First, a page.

It was only ten in the morning, but Klaus could already tell this was going to be a hell of a day. He'd worked straight through every weekend for three months, and the Chief had finally insisted he at least take a Sunday off—so here he was, bored at home and sick of being nagged by the butler, when he'd much rather be out doing something interesting and productive and involving a lot of explosions. Free time was bad. It allowed him to think too much.
Klaus hadn't planned to go into his bedroom, but as he passed it in the hall, he felt immediately that something was wrong. Scowling, he stepped just inside the door to look around. Everything was as it should be, but the window…the window was different. As he moved closer, he saw that someone had removed the cardboard patching the hole left by the telephone and replaced it just slightly off-center. I knew I should have repaired this myself! If it had been done sooner… Now he would have to track down this intruder in his home, and it was made all the more frustrating by the knowledge that if only the household staff were more efficient, this never would have happened. The trespasser could be a thief, an assassin, an enemy spy…there was no way to tell. At least I know it isn't Eroica, he mused. He may be an idiot, but he's certainly more careful than that!
Drawing his gun, Klaus began a careful search of the room, looking in the wardrobe, under the bed, behind the drapes, and into the adjoining bathroom before finally making his way over to the closet. Much as he wanted to find the intruder, he fervently hoped there would be nothing amiss when he opened the door. Maybe he's already moved on. There's nothing really worthwhile in there; he's probably in the gallery or rummaging through my study by now. But of course he had to look. Steeling his nerves, Klaus flung the door wide open and gaped at the sight before him: not Eroica, but Eroica's Stingy Bug, kneeling beside the box (that box!) and pawing roughly through its contents. For a moment, the Major was too panicked to move.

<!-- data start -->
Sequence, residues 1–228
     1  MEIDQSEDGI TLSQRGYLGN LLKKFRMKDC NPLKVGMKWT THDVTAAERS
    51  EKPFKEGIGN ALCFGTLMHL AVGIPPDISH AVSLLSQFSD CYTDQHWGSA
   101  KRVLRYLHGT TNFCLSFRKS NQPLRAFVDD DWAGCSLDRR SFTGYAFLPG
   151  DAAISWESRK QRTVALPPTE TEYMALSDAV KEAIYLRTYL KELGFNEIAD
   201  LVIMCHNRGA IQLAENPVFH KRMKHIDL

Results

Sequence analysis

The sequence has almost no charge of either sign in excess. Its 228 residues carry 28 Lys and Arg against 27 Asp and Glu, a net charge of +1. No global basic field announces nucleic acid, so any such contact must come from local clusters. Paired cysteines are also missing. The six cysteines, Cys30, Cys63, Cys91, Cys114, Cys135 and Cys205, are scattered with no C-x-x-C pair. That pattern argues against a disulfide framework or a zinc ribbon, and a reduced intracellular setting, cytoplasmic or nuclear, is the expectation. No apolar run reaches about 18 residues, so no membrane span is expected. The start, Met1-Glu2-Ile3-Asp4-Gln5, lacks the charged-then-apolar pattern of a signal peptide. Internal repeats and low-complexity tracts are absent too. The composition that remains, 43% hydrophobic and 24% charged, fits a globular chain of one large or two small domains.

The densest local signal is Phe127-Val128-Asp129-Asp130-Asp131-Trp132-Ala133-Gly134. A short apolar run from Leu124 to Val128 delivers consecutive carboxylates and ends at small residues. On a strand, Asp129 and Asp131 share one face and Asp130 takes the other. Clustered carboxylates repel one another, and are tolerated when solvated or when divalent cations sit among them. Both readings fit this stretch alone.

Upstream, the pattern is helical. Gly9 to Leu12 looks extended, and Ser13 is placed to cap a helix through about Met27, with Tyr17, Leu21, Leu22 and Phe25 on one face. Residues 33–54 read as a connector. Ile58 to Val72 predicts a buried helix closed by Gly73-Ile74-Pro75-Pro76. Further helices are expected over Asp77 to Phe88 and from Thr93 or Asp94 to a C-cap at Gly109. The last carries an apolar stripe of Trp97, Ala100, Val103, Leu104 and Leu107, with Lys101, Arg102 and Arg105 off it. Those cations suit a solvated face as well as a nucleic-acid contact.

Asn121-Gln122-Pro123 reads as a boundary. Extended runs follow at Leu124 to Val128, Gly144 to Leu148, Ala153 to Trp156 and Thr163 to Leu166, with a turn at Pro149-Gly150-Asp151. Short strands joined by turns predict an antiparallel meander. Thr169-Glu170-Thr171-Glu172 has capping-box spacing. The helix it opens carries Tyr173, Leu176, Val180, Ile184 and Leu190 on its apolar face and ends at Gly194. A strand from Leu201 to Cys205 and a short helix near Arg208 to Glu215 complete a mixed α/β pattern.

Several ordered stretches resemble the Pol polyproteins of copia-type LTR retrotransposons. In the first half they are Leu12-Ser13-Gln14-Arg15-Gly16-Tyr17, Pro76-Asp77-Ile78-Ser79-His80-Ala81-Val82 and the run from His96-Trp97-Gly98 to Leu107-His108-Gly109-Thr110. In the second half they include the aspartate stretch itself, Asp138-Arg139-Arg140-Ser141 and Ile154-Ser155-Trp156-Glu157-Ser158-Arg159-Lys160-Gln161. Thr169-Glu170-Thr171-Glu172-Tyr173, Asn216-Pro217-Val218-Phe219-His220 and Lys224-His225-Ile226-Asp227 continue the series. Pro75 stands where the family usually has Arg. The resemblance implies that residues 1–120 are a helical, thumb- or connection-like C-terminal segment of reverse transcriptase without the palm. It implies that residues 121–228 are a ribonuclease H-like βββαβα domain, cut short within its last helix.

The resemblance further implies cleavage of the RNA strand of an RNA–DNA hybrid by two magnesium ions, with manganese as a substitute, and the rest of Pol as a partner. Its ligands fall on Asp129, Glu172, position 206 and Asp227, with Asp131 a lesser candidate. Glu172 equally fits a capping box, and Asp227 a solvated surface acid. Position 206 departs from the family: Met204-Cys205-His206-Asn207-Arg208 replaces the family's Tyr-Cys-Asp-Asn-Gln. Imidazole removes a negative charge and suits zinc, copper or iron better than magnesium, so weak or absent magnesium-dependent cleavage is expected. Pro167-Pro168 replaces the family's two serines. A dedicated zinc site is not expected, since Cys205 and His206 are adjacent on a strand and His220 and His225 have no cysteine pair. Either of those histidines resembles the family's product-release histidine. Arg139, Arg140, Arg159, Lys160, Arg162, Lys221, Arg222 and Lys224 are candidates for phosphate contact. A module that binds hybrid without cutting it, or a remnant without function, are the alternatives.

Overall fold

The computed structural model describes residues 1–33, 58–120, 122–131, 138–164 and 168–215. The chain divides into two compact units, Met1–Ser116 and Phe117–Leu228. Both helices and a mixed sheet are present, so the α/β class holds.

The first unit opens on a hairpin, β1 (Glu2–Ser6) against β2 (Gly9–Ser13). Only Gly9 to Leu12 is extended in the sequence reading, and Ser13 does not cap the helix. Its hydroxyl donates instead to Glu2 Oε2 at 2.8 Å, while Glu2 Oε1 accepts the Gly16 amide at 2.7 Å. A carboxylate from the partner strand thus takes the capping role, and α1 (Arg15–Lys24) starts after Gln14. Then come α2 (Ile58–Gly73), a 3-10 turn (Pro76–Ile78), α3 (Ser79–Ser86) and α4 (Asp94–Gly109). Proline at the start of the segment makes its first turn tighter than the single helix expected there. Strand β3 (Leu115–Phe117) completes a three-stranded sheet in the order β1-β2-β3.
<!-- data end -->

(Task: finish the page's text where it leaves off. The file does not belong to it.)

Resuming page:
James blinked as light flooded his hiding place. God, he'd been discovered—and in the Major's bedroom, of all places! He couldn’t make out the Major's expression from down on the floor, but judging by his posture, the German was incredibly tense, even for him! James just knew he was going to be squished, or maybe shot.
But the accountant's fear was overridden by the surprise and anger he'd felt moments before, when he'd seen what was inside that box. So the Major had been stealing from Lord Gloria—why? He hated him; everyone knew that! And didn't he have any idea how expensive it was to replace silk scarves and catsuits?
Ah, maybe that was the reason. If the Major knew what those things cost in the first place and how, er, enthusiastic some people were in their appreciation of the earl, he might be able to sell them at a very nice profit! Under other circumstances, James would have been surprised and gratified to find that Uncle NATO shared his appreciation of lovely, lovely money. But he'd stolen from Lord Gloria, which was almost the same as stealing from James (after all, he was in charge of the finances), and that just was not on.
So it was James who first broke the silence, indignantly glaring at the Major and waving the scarf in the air. "You're nothing but a big hypocrite! You yell at Lord Gloria for being a thief, and then you go and steal these things from him. And you were going to sell them, weren't you?!"
His outburst jolted Klaus back into action, and he glared down at the tiny invader. "You! Out!" he barked, gesturing with his Magnum. "And put that down!" he snapped as James attempted to surreptitiously stuff the scarf into an inside pocket of his jacket.
The accountant stood and walked out of the closet, pouting. "I can't believe you'd sell Lord Gloria's things on the black market! You just wait till he hears about this; you'll be in so much trouble…maybe he'll send Interpol after you for a change!"
Klaus snarled. "I am not selling anything, you deranged little man. And just what the fuck are you doing in my home? Where's Eroica? I know he must be with you; he'd never send you alone on something like this. Unless he wants me to kill you," he added, as if considering it.
"He does not!" James nearly shrieked. "He may not love me, but he'd never let you hurt me—he needs me!" Face flushed, waving his arms, the Stingy Bug looked ready to come after the Major, relative size and strength be damned!